t a time, in two sets of four, will keep house for two months at a time, gaining a practical knowledge of household economies. This year sixteen girls have had this most important training, the last four in the new cottage. Of this four, three were in the graduating Normal class. The exhibits of the cooking and sewing classes at Commencement, consisting of cakes, biscuits, confectionery, etc., and a great variety of well made and useful garments, were highly praised, and a large number sold to visitors. Few schools have better facilities for the practical and most important work of developing homemakers than has Tougaloo. Upon the trained young women who can make good homes depends very largely the future of the Negro race.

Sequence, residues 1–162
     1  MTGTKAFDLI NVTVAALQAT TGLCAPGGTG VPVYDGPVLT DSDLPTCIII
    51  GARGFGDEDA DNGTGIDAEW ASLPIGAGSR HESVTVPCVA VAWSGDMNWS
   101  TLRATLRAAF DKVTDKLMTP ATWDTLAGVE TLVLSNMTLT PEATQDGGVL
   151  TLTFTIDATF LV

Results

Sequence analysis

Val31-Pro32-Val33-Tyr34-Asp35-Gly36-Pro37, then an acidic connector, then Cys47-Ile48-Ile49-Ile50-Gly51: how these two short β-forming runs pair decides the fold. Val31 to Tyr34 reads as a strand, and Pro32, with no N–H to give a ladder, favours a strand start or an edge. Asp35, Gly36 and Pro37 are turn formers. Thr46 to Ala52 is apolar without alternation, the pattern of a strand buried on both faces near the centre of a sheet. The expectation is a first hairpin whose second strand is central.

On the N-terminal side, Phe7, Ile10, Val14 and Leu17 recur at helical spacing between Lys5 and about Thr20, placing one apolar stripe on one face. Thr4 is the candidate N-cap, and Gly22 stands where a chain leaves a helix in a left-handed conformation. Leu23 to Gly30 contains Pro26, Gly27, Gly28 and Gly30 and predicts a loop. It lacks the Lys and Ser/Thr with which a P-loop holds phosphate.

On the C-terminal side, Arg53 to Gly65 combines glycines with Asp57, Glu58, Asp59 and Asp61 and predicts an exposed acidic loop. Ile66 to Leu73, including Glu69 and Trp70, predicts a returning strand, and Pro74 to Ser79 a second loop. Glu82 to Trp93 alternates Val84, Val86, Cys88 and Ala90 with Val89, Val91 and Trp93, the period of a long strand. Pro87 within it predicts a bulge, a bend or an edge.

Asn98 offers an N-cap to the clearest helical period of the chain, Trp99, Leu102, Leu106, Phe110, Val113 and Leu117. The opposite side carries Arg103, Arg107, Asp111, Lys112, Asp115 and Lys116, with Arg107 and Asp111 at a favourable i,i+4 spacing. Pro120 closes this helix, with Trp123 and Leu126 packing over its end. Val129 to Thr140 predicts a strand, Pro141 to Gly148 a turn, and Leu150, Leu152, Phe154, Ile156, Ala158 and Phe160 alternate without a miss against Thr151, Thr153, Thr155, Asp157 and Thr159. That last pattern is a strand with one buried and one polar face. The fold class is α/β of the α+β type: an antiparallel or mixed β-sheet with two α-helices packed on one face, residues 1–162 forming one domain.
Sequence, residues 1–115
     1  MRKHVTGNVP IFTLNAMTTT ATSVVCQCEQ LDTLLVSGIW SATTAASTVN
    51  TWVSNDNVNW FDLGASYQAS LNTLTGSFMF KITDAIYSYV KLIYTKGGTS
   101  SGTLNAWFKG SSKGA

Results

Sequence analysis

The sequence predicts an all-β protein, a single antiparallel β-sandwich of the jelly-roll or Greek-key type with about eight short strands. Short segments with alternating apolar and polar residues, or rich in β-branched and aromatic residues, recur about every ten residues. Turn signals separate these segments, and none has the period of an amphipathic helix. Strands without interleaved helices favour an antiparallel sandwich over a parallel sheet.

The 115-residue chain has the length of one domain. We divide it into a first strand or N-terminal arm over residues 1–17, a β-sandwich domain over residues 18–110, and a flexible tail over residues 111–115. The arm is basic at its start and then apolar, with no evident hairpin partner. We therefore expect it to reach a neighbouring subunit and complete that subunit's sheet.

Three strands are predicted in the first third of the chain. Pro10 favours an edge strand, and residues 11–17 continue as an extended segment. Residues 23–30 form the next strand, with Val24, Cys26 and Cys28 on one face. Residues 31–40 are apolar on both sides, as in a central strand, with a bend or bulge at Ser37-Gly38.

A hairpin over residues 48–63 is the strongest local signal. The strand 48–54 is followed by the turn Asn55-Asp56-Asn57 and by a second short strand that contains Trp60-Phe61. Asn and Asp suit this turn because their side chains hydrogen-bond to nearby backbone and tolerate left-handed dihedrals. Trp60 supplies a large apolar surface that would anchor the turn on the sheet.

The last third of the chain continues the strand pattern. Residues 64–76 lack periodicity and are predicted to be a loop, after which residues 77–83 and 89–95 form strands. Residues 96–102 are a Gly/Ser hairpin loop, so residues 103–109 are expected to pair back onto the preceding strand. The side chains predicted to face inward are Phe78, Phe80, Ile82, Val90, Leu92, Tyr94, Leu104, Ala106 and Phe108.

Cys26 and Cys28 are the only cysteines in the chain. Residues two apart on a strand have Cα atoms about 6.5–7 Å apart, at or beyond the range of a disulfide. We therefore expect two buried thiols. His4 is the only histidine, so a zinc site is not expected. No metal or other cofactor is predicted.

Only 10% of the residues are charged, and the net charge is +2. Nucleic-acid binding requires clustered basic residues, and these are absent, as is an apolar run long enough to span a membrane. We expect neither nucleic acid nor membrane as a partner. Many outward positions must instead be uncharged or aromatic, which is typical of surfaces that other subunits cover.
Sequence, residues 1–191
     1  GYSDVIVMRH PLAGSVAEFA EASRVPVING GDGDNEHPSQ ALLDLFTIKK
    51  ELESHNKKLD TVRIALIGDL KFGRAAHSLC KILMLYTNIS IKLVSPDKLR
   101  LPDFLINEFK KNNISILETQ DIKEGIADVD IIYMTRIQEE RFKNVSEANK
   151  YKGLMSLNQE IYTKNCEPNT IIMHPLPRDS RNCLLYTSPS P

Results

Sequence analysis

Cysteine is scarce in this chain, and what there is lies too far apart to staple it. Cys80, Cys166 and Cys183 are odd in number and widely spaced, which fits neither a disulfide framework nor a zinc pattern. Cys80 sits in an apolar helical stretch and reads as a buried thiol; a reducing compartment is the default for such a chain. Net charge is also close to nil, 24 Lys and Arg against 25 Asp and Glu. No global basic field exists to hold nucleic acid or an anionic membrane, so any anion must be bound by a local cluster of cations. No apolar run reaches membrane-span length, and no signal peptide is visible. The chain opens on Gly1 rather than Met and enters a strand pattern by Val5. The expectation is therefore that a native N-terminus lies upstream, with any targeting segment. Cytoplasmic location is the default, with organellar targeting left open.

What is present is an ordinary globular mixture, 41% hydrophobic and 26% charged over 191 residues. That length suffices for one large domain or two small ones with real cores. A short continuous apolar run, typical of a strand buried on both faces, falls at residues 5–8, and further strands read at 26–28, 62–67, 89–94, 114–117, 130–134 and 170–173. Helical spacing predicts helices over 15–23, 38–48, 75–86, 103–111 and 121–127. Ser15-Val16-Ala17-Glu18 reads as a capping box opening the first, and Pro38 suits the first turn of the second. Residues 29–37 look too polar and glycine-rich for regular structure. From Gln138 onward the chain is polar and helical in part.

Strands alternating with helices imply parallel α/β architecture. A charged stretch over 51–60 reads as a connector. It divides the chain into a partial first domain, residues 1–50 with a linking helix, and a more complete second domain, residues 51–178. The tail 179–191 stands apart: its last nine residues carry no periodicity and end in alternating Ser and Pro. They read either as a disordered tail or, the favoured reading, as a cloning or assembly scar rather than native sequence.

From the earliest history of the school there has been attention paid to agriculture, and each year sees development in the acreage under cultivation and the quantity of produce raised. This year nearly all the fresh meat and the milk, sweet potatoes, molasses, v